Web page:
The doomsdayersand talk-show critics will have a field day with this one. The offense failedto find the end zone. Joe Flacco didn't look much like an elite quarterback.The defense gave up a ton of yards again.Yada, yada, yada.To the Ravens,only one fact is important after their 9-6 slog over the Kansas City Chiefs onSunday."It's awin," quarterback Joe Flacco said. Added coach JohnHarbaugh: "We did what we needed to do to win the game. In the NationalFootball League that's really what's important."So whether thefinal score was 30-27 or 9-6, the Ravens will take the three-point win on theroad and go home without apology. "You'regonna have games like this from time to time, and you gotta be happy withgetting a win," Flacco said. "It's a big difference between being 4-1and 3-2."And the bottomline is after five games, the Ravens are 4-1 and atop the AFC North. Theycouldn't have asked for much more than that. The Ravens havebeen in these kinds of games before, grueling, ugly road games where nothingseems to be in sync offensively. They lost such a game last year at Tennessee. And at Jacksonville. And at Seattle. Of course, this time there was one major difference."This wasone of those games that we didn't win last year that we won this year," Harbaugh said. "To methat's an important thing."Yes, the Ravenshave work to do. They have to find the end zone after going 0-for-3 in the redzone against the Chiefs. They have to rediscover their run defense, though theyseemed to do that in the second half. They need to cut down on their ownturnovers and penalties. But none of thoseshortcomings loom quite as large when the standings say 4-1, first place. "Anybody on each side of the ball willtell you, I'll take a W before anything," linebacker Ray Lewis said,"and for us to go home right now 4-1, that's huge."
Their record and performance over the last month may not show it, but the Baltimore Ravens are just one game out of the No. 6 playoff spot in the AFC.
The Kansas City Chiefs (9-1), Los Angeles Chargers (7-2), Pittsburgh Steelers (6-2), New England Patriots (7-3), Houston Texans (6-3), Cincinnati Bengals (5-4), Tennessee Titans (5-4) and the Miami Dolphins (5-5) all rank above the Ravens. But a win Sunday against the Bengals would push the Ravens to the No. 6 spot as they own the head-to-head tiebreaker against the Titans.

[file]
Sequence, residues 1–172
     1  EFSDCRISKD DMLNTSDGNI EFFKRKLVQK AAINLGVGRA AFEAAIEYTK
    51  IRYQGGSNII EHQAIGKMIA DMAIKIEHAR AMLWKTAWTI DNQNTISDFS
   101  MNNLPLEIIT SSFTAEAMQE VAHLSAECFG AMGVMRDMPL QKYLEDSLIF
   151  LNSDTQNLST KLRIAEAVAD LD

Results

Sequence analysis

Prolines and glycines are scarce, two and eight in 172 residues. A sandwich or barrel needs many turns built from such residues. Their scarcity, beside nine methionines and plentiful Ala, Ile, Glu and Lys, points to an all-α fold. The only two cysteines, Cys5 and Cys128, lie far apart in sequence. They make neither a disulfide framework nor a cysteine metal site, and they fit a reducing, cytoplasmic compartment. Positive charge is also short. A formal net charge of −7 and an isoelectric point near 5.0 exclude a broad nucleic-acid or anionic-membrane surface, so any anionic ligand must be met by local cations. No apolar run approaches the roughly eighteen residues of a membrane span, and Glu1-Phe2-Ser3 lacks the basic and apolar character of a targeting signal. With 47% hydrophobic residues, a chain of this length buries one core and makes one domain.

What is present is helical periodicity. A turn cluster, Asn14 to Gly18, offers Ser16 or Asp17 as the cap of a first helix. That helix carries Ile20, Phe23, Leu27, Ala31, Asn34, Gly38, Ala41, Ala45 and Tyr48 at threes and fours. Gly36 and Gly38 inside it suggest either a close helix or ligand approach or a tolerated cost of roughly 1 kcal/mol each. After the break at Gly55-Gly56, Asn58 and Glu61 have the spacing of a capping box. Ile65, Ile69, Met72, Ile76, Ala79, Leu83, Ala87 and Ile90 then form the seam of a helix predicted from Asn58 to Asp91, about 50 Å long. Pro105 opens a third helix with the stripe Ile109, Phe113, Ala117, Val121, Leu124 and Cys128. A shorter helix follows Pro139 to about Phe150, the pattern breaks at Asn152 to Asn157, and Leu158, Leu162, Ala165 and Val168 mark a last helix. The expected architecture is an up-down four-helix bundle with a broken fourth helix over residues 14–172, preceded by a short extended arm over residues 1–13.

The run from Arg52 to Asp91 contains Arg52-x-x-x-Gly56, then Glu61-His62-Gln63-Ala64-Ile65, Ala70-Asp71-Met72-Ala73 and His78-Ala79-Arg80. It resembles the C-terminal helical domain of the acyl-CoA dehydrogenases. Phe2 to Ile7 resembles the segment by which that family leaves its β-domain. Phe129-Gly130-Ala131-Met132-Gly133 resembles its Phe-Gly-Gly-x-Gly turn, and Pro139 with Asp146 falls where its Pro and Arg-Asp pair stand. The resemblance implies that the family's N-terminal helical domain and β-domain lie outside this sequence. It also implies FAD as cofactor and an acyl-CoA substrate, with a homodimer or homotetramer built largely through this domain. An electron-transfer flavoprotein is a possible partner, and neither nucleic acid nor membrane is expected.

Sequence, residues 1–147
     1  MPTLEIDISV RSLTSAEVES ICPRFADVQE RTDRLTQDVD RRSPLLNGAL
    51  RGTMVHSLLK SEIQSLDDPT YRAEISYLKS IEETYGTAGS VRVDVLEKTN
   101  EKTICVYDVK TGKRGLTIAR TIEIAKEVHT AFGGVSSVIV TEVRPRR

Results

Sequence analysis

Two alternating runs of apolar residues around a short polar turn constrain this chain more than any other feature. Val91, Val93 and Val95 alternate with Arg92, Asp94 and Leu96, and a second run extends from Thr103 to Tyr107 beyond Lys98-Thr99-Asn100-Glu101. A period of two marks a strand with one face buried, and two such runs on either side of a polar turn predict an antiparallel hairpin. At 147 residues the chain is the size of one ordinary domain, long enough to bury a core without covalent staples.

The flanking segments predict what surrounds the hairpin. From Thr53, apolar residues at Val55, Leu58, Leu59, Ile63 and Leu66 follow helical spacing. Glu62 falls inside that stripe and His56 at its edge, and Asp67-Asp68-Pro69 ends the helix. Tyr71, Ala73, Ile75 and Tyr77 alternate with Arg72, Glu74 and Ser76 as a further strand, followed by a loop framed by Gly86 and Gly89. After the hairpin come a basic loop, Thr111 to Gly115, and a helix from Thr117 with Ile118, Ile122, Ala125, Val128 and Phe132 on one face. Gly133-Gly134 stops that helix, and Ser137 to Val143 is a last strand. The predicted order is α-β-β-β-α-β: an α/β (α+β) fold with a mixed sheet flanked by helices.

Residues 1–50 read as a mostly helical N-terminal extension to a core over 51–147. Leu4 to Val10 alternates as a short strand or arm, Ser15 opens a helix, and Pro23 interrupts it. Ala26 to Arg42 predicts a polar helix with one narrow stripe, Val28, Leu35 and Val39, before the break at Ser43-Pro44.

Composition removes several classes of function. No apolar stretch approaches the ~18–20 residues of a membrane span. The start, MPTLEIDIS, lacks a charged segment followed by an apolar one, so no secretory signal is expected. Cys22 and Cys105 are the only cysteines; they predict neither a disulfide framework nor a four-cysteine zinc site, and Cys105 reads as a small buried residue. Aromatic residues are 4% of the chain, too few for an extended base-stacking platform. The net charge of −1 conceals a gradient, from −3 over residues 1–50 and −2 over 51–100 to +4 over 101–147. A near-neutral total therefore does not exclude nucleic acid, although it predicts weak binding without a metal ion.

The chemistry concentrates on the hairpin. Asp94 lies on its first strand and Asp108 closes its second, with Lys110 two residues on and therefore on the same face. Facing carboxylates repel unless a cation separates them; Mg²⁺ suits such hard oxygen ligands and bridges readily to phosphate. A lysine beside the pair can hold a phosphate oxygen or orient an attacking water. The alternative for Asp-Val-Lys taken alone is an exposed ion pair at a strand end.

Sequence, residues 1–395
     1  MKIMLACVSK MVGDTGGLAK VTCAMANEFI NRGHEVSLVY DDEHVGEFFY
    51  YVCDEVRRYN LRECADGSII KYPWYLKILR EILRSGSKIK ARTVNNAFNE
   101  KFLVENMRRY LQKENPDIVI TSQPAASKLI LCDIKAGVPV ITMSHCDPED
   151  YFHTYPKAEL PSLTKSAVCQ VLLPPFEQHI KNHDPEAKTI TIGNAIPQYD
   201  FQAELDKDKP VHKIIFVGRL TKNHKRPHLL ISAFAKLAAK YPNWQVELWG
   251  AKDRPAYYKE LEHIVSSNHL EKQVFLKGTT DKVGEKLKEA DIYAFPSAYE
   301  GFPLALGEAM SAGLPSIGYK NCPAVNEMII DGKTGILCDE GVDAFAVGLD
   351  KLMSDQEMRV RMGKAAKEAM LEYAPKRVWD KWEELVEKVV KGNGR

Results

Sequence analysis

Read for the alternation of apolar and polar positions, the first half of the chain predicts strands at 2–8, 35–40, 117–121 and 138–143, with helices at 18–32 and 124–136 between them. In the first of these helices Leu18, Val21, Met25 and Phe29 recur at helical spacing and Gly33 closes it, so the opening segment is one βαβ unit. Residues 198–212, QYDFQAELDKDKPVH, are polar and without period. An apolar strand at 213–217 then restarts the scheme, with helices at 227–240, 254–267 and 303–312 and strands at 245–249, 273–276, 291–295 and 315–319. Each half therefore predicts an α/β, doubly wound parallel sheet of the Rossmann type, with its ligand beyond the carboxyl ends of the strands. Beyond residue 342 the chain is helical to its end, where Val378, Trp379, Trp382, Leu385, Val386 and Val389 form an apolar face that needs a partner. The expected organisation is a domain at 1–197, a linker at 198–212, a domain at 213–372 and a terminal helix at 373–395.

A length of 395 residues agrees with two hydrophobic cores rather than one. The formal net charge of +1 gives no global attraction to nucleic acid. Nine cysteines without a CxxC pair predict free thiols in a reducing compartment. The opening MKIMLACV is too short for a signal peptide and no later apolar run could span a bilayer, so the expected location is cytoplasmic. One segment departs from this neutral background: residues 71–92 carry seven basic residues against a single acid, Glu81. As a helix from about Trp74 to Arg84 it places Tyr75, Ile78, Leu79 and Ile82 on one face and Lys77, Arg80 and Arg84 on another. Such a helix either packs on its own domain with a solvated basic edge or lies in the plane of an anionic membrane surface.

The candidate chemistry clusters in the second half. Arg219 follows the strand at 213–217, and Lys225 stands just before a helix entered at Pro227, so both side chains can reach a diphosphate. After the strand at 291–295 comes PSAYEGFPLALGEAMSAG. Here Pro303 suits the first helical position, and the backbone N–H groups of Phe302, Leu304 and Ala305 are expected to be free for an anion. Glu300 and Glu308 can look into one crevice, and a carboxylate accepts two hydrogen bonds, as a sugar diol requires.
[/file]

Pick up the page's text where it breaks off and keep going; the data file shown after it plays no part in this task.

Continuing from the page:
Beside remaining in playoff contention, a win Sunday is crucial considering head coach John Harbaugh's job is in question with his team sitting at 4-5, quarterback Joe Flacco is reportedly dealing with a hip injury and the possibility of rookie Lamar Jackson getting his first NFL start.
After getting blown out 51-14 by the Saints, the Bengals fired defensive coordinator Teryl Austin on Monday. Cincinnati's defense ranks last in the league in passing yards allowed (313.3) and total yards allowed (454.6). A rested Ravens team will have to take advantage of the first team in the Super Bowl era to surrender 500 yards in three straight games as they are among five teams within one game of the final wildcard spot.
Getting shutout by the Bengals this season would give Andy Dalton and co. a two-game lead over the Ravens as well as possessing the tiebreaker.
According to the New York Times' NFL Playoff Simulator, the Ravens have a 27% chance of making the playoffs heading into Week 11 with their remaining strength of schedule ranking at No. 27.
After hosting the Bengals on Sunday, the Ravens host the Oakland Raiders (1-7), Tampa Bay Buccaneers (3-6) and Cleveland Browns (3-6), but have tough road games against the Atlanta Falcons (4-5), Kansas City Chiefs (9-1) and Los Angeles Chargers (7-2).
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Baltimore Ravens quarterback Robert Griffin III is the team's nominee for the Salute to Service Award presented by USAA.
Presented annually by USAA and the NFL, the award honors a league member who demonstrates an exemplary commitment to honoring and supporting the military community.
The Robert Griffin III Foundation supports Tragedy Assistance Program for Survivors (TAPS), that helps aid those grieving the death of a loved one who served in the military; Luke's Wings, which united wounded warriors, veterans and heroes with their loved ones; and the Bob Woodruff Foundation, that helps ensure injured veterans and their families are thriving when they return home.
Griffin III was born in Okinawa, Japan where his parents were stationed as U.S. Army sergeants. The quarterback spent time living in Fort Carson, Colorado, Seoul, Korea and Fort Hood, Texas as a military kid. His family then settled in Cooperas Cove, Texas, an hour drive from Baylor University where Griffin III attended college.
Finalist for the award will be announced in January. The recipient will be recognized at the NFL Honors award show Saturday, Feb. 2, on the eve of Super Bowl LIII.
RGIII's head coach, John Harbaugh, received the honor in 2013.
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